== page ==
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We live in interesting and unpredictable times, but I believe 2018 is full of opportunities for the Core Cities.

Later this month I will lead a delegation of Core City leaders to Brussels where we will talk to Michel Barnier about the role of UK cities in the lead up to and after Brexit. We will be pressing home the point that our cities are friendly, diverse and open for business.

Brexit will dominate the national conversation during the year ahead, but, as we showed in 2017 – with our well-received paper Invest, Reform, Trust - that doesn't mean that the voice of cities and domestic urban policy has to be completely drowned out.

We look forward to continuing engagement with decision makers in both Whitehall and Westminster over the coming year and we will continue to be pragmatic and cross-party in our approach.

We will be reminding politicians of all parties that the way to solve the UK’s structural economic weaknesses, in particular low productivity, is to give more powers and freedoms to place.

But we aren’t sitting around waiting for Government to say yes. Core City Leaders and Mayors are already getting on with the job, pushing through major developments to benefit urban economies, tackling the issues citizens care about and protecting the vulnerable.

2018 will also see Core Cities continue to demonstrate their vibrancy and diversity. There are world class events in all ten this year, but particular examples include Newcastle hosting the Great Exhibition of the North and Glasgow playing host to the inaugural European Championships. Some of the world’s greatest triathletes will come to Leeds and Nottingham and Bristol will host the Global Parliament of Mayors.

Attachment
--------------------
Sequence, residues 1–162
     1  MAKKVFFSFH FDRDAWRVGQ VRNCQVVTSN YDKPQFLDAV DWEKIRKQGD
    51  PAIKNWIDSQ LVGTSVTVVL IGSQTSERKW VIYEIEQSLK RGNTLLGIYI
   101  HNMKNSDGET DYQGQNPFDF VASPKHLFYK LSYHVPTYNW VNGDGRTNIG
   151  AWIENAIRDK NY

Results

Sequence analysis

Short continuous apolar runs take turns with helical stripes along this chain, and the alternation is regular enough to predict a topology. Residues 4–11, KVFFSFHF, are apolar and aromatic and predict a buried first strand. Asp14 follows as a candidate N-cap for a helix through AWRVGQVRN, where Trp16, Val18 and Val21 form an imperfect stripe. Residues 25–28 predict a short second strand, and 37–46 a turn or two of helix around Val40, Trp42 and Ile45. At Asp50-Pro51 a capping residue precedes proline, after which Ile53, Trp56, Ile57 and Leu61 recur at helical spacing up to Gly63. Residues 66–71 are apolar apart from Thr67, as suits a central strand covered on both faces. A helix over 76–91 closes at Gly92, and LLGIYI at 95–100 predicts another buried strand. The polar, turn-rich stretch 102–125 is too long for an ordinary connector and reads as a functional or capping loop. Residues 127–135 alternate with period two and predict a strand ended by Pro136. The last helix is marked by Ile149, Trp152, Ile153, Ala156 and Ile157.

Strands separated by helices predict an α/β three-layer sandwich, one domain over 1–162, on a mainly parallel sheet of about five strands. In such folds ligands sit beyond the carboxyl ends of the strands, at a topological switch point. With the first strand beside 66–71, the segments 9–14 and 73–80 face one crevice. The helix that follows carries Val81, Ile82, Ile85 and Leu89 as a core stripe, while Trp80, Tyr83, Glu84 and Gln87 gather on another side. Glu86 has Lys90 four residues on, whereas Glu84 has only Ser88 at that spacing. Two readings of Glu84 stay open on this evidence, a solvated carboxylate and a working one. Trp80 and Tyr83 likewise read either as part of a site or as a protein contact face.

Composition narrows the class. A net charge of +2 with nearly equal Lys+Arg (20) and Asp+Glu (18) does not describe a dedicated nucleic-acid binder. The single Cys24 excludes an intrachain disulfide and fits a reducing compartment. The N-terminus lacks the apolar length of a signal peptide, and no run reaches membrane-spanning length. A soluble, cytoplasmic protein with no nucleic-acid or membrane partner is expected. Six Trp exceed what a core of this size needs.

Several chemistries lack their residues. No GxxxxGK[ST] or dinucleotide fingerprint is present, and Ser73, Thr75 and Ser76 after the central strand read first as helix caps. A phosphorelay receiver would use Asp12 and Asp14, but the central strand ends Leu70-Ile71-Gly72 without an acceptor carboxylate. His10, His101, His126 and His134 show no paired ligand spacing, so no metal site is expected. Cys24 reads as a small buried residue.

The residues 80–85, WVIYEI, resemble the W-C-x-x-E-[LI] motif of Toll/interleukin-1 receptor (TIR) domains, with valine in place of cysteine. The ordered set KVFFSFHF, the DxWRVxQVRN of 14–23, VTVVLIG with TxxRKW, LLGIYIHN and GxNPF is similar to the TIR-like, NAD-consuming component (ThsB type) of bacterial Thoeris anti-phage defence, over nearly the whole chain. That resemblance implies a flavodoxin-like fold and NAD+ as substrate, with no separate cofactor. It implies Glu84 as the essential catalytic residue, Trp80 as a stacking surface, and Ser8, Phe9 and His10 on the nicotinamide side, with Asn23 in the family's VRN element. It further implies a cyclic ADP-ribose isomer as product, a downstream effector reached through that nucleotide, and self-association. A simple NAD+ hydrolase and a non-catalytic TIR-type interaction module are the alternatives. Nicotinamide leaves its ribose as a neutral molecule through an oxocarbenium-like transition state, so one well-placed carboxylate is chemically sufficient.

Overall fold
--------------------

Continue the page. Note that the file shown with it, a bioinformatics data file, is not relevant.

This year also marks a decade since Policy Exchange's now infamous report Cities Unlimited that painted a picture of failing cities and declining populations. Over the last decade our places have proved that gloomy outlook wrong and have continued their urban renaissance.

Not everything in our cities is perfect. We are still struggling under austerity and we do not have the freedoms we need to make a real difference to the lives of our 20m citizens.

But I’m confident that 2018 will see us continue to make progress towards realising Core Cities’ full potential for the nation.

(This Blog first appeared as a column in The MJ).